Screens Everywhere and Intelligence in the Network: Nokia’s TV Vision 2025
Minority Report, Steven Spielberg's prescient 2002 "fiction" is a step closer to reality. No, not pre-cognitive policing (although warnings from Elon Musk about taking the predictive capacity of artificial intelligence at face value should be heeded), but the concept of screens everywhere and fluently interactive with gesture, voice, and eye movement.
This is Nokia's vision too and the company believes this sort of thing will happen in less than a decade. In its latest research, Nokia outlines a near-future in which any surface is a potential screen.
"Today, we are all anchored to a piece of glass but we think the evolution of short-throw projection and OLED technology will mean screens start to be available on any flat surface," says Paul Larbey, head of Nokia's IP Video business. "That could be on a bathroom mirror, a table, a kitchen worktop, the screen of your car."
The killer combination of 5G and fibre to the home will help drive this change.
"With the ubiquity of screens, the way we interface with content changes too," he added. "We think it moves beyond the remote control to gesture control and eye movement. The UI will adjust accordingly."
In turn, this means the screens themselves (or the set-top box) need to become dumber with the intelligence moved to a portable device—"perhaps something we carry around like a mobile phone"—as well as going back into the network.
This is part of the Finnish tech pioneer's vision of what the consumer's TV experience will be like in 2025. It comprises research both within Nokia and from talking with the market.
"We think the industry has been reacting to change and not getting ahead of the curve," said Larbey. "We think the industry should be bold enough to have a vision out there so we can all march toward it."
With screen technology moving so fast, Nokia is urging service providers to strategize now for a re-orientation of their infrastructure that decentralises processing and intelligence to the network's edge. In this the company's vision is not dissimilar from the likes of Ericsson or Edgeware.
An extension of Nokia's thinking is the gradual exchange of the channel with that of brand as the primary means consumers will navigate content on ubiquitous screens.
Nokia thinks curation will incorporate social media to the extent that content served to the consumer will be filtered and tuned by events going on around an individual. This information will be derived from personal sensors and social media feeds.
"If screens are everywhere there must be some mechanism for content to respond to the user's mood, their whereabouts and activity," says Larbey.
The third broad stroke of its "Any Vision 2025" is a move away from content provision by a multiplicity of apps—which in Nokia's view is only creating greater complexity for the viewer—and toward a supra-aggregation of content. This may not be corralled under a single brand (like Amazon or Google) but, in Nokia's view, should be about the collection of content and personalized data in the network to intelligently determine what the user may want at any particular time. It thinks that only an open platform truly capable of incorporating any data input is the only one that should matter to operators.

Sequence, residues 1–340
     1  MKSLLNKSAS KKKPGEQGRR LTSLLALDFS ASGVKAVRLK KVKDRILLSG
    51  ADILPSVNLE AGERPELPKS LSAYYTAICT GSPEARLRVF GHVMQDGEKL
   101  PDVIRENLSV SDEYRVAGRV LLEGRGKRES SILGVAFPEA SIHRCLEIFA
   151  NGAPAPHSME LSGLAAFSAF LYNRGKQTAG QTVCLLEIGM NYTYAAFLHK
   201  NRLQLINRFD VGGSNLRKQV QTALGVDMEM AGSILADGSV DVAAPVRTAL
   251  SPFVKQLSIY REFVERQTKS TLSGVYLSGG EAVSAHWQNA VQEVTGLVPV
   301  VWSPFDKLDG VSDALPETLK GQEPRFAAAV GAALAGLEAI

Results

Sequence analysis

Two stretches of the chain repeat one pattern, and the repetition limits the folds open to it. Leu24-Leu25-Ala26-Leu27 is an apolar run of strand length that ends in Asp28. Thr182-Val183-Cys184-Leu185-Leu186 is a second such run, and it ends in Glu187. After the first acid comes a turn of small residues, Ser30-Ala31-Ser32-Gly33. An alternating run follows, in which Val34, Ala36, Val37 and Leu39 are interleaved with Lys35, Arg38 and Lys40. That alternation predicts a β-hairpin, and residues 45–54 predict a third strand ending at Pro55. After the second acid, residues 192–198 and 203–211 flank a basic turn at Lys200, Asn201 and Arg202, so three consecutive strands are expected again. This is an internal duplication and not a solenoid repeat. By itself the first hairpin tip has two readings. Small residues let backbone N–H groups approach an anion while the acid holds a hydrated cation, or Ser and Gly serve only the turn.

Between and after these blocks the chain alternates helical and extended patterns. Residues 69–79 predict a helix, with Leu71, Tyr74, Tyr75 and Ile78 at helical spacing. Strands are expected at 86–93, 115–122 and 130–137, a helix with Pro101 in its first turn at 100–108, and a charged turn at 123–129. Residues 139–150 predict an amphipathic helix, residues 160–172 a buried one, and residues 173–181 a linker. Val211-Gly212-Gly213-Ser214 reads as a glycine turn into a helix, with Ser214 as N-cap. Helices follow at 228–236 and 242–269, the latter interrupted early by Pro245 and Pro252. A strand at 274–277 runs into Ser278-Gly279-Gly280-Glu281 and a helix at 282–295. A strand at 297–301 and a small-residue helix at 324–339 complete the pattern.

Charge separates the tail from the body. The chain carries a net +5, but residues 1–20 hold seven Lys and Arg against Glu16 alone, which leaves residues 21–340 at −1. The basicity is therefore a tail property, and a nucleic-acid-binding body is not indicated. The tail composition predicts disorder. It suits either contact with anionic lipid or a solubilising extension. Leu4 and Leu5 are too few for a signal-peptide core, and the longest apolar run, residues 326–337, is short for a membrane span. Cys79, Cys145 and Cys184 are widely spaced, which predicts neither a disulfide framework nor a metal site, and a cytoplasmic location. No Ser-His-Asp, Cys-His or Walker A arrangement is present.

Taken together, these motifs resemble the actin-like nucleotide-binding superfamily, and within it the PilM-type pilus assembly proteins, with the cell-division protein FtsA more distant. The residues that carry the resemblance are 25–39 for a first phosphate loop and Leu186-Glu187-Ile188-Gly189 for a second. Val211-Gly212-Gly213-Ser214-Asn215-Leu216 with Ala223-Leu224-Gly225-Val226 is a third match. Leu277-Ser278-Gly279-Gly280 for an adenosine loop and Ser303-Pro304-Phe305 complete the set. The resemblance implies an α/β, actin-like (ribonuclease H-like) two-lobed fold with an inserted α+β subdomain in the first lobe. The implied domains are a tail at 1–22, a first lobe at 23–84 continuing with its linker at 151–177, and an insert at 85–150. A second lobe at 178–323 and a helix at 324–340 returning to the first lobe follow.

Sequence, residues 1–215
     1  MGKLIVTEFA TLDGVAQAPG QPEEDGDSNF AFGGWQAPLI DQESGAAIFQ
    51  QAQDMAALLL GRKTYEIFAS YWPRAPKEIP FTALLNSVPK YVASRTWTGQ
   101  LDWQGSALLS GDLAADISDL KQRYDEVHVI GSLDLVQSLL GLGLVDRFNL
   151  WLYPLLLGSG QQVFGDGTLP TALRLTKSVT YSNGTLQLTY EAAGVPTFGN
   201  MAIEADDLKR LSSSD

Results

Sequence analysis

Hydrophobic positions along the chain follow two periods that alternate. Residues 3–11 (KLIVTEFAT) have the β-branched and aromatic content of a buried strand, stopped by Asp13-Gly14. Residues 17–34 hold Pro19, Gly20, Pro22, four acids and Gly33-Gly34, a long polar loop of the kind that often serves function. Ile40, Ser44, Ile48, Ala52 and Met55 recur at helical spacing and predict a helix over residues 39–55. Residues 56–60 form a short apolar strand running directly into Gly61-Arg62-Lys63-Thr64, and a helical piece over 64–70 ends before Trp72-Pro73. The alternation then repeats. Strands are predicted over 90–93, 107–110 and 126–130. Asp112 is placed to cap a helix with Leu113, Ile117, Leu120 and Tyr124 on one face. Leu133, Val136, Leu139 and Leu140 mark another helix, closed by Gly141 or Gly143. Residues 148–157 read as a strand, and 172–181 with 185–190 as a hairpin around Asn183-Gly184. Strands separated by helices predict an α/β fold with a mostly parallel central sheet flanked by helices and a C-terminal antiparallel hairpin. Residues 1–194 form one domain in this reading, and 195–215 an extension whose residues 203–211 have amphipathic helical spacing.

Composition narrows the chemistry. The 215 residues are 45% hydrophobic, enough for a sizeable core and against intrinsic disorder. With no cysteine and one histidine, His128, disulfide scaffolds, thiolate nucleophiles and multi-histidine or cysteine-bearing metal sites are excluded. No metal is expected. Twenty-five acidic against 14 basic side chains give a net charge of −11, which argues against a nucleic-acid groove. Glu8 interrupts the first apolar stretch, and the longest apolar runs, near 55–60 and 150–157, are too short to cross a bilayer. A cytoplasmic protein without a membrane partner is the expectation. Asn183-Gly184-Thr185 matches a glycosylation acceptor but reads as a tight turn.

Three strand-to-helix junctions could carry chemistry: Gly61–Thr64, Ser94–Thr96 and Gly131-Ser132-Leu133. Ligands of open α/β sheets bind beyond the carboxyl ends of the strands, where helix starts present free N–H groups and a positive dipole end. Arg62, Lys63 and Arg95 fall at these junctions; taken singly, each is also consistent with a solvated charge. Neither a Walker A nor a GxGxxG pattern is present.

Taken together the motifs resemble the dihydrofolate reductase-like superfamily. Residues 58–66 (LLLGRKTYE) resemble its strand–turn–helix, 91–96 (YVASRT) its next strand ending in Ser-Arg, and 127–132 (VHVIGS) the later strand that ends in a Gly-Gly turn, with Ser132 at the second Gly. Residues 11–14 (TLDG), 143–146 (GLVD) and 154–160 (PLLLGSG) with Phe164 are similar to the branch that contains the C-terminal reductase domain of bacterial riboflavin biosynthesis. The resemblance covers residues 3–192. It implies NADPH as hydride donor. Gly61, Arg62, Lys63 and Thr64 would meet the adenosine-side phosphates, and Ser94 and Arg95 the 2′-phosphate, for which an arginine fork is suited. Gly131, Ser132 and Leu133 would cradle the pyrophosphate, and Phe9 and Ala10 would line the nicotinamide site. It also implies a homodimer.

Larbey says Nokia isn't building this, but you get the sense that this is the direction it would like to move in.
"We think only the way to make sense of the complexity of content involves moving the functions that control the delivery and curation of content from the home and proprietary devices into the cloud," says Larbey. "Ultimately, this will enable consumers to access content in a highly personalized and customizable environment, unconstrained by linear programming and walled garden accounts. Caching the viewing experiences in the cloud also allows screening continuity on any subsequent device in any location, and sharing with the viewer's social circles."
Nokia is using this vision to promote a new Virtualized User Experience platform (UXP), part of its wider Velocix range of IP Video solutions.
"The UXP enables operators to create a highly personalized UI in the cloud without impacting the user device," explains Larbey. "It allows operators to create the user experience within the cloud, and deliver the content their customers care about—live, on-demand or time shifted—and render that content on any screen."
The UXP is based on standard internet technologies, such as HTML5 and CSS templates and will be in trials with number of operators by end of year.
"The aspects of a content service that control delivery, personalization and self-curation are rapidly being virtualized, moving from the home and proprietary devices into the cloud," he adds. "The Velocix UXP gives television service operators the ability to virtualize the user experience as the STB fades and is replaced by the cloud and ‘BYO' consumer devices."
Nokia claims the technology will allow operators to reduce video buffering times by up to 40 percent.
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